THE Affordable Care Act, better known as Obamacare, has been battered again and again since its enactment in 2010. On June 30th it got its latest beating, this time from the Supreme Court. The justices ruled that a company can, indeed, bring religious objections against Obamacare.
In the case, Burwell v Hobby Lobby Stores, Inc, the court ruled that closely held companies can refuse to offer workers coverage of contraception without facing fines. The case was brought by two Christian families and their businesses: the Greens own Hobby Lobby, a chain of craft shops, and Mardel, a Christian bookstore; the Hahns own Conestoga Wood Specialties, a cabinet company.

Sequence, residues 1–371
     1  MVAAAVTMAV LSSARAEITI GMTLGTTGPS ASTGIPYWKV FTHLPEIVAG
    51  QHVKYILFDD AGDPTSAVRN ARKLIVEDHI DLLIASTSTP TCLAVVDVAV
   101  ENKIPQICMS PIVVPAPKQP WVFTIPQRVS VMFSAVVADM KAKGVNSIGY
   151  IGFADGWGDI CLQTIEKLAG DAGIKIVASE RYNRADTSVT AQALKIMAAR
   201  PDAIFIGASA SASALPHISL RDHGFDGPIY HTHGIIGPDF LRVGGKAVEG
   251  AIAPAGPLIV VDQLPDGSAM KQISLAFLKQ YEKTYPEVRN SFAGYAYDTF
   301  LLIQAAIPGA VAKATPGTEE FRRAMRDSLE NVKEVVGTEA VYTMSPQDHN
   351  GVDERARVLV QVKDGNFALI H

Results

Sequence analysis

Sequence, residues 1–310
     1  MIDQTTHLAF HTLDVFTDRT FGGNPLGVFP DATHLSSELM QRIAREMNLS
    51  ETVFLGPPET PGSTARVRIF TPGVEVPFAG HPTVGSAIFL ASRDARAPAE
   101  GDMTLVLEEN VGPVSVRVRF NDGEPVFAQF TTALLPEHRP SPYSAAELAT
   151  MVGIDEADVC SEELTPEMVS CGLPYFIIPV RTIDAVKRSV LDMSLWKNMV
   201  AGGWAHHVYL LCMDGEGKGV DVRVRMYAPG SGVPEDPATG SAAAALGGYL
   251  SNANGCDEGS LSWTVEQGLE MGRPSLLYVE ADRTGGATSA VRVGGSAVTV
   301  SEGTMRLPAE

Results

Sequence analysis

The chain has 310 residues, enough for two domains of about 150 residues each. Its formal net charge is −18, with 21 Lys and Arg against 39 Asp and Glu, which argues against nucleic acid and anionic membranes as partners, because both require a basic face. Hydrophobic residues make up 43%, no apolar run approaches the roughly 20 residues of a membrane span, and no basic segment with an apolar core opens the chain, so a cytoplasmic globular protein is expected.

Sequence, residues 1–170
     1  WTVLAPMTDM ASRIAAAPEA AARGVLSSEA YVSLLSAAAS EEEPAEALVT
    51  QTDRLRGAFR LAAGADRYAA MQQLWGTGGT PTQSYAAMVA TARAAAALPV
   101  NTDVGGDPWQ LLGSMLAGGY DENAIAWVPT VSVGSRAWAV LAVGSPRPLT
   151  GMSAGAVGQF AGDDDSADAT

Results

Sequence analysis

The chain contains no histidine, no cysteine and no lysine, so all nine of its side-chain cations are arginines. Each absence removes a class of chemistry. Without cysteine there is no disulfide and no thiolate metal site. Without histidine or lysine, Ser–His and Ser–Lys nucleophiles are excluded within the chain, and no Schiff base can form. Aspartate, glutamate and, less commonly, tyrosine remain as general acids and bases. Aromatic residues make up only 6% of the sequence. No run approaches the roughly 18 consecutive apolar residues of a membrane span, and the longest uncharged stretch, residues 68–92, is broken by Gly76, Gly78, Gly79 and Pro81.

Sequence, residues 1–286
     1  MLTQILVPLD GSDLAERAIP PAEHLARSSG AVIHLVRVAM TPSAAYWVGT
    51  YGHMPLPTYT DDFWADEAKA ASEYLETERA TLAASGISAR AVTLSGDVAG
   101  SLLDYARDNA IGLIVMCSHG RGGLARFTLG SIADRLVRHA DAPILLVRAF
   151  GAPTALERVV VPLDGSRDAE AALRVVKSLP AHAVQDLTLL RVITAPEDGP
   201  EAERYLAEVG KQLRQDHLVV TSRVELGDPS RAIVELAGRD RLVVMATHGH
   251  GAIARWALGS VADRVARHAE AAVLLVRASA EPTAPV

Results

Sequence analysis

Obamacare requires firms to offer their workers health coverage, including coverage of contraception at no extra cost to the employee. The Greens and Hahns believe that some of those contraceptives, which may keep a fertilised egg from implanting in the uterine wall, amount to abortion. Federal law defines pregnancy from implantation, not fertilisation. Nevertheless, the issue before the court was not whether the Greens’ religious beliefs were valid. Rather, the question was whether a company can be exempt from federal law because its owners have religious objections.